I was in Seattle for the month to go bow hunting with my buddy Griff, climb a mountain with my buddy Martin, and to be around for the birth of my buddy Ty’s first kid. The only thing that went according to plan was Mount Baker—the bear wouldn’t come out to play and Wilder only popped out after I’d driven home—but I did manage to make a new friend while I was up there. Owen climbed the mountain with us, and it turned out he has a thing for unreliable old British trucks too, so we hit it off immediately. I stayed in his tiny home on Puget Sound for a week, and there we performed the most serious work I’ve done to the Land Rover since I bought it in February: its second oil change.
One of the unexpected benefits of driving a lifted vehicle is how easy they are to work on. So far, jack stands and wheel ramps have been totally unnecessary (although I will need stands to pull the wheels off and apply some grease to the brake pads this weekend). Even accessing the 4.0-liter V8’s drain plug is just a matter of kneeling down under the front bumper, and reaching with a 1 and 1/8-inch crescent wrench. I can change the oil filter while sitting cross legged, and was able to grease the U-joints while lying on a piece of cardboard. That convenience is nice, but the big benefit is really safety. Despite this Land Rover’s total reliability thus far, it is inevitable that something on it will break at some point, and that will likely be off-road, where jacking isn’t really the safest thing to do. Being able to get underneath, with plenty of room for tools, a helping hand, and a beer—and all without a 5,000 lbs vehicle just waiting to fall on you—is going to make that pending break down much less bad.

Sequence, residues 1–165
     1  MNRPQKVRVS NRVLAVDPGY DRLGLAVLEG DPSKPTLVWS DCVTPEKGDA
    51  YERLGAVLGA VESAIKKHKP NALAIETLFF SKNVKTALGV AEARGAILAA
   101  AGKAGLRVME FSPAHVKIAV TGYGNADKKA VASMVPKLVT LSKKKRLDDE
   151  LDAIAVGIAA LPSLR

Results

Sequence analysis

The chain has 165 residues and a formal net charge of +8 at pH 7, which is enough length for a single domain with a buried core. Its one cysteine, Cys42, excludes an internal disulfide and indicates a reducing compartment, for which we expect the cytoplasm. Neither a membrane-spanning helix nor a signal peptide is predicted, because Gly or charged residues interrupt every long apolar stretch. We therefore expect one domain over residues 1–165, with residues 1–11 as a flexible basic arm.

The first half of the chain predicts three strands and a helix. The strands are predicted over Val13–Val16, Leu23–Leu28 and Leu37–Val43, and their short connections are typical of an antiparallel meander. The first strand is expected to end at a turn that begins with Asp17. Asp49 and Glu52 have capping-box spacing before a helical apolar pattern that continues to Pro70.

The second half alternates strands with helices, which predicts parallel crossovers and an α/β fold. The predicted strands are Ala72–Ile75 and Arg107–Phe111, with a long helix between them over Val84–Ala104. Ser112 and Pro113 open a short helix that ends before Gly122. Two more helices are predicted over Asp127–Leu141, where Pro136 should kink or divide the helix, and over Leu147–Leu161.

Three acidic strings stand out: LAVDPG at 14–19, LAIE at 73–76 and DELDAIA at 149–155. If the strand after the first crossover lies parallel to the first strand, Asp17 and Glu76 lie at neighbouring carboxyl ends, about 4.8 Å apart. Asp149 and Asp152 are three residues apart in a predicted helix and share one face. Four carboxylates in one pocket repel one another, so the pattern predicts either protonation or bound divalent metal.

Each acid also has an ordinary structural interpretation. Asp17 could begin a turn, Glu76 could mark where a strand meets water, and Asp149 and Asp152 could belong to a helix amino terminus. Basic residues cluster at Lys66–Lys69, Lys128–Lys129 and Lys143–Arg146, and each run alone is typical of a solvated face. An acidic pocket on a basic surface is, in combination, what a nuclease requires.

One of the things I’m hoping to achieve with this irregular unreliable old vehicle column (I’ll roll in the KTM soon, promise) is to break through the Internet hive mind, and show you that you don’t need to be intimidated by the prospect of owning something awesome, but old. With vehicles like these, reliability isn’t a product of a badge, a country of origin, or some secret sauce from Toyota. It’s a matter of maintenance. By creating a regular schedule of simple-to-achieve jobs, and by replacing wear items before they fail, you too can drive something you’ve always lusted after, and do that without a monthly payment, or even regular rides in a tow truck. After this trip, I’ve racked up a total of 6,000 miles on the Discovery, so some of those service jobs, and even major work like a head gasket replacement are looming. And you’ll be reading about them soon.
Why put up with a vehicle that’s got a bad reputation and compromised on-road handling? Well, on the way home, I looked at a map, picked what looked like the most remote dirt trail I could find, then just turned off the highway and drove down it until I found a place that looked good for camping. There, Wiley and I cooked a T-bone over a fire, howled at the moon, and listened to real wolves howl back. This Land Rover can take us anywhere, including many places most other people will never visit. That’s what makes it worthwhile to me.